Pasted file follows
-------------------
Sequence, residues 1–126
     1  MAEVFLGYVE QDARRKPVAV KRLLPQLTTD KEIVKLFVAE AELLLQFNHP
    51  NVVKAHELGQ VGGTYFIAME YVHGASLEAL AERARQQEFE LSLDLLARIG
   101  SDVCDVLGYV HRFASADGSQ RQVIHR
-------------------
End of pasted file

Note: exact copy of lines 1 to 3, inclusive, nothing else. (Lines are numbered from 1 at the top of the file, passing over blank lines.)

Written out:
Sequence, residues 1–126
     1  MAEVFLGYVE QDARRKPVAV KRLLPQLTTD KEIVKLFVAE AELLLQFNHP
    51  NVVKAHELGQ VGGTYFIAME YVHGASLEAL AERARQQEFE LSLDLLARIG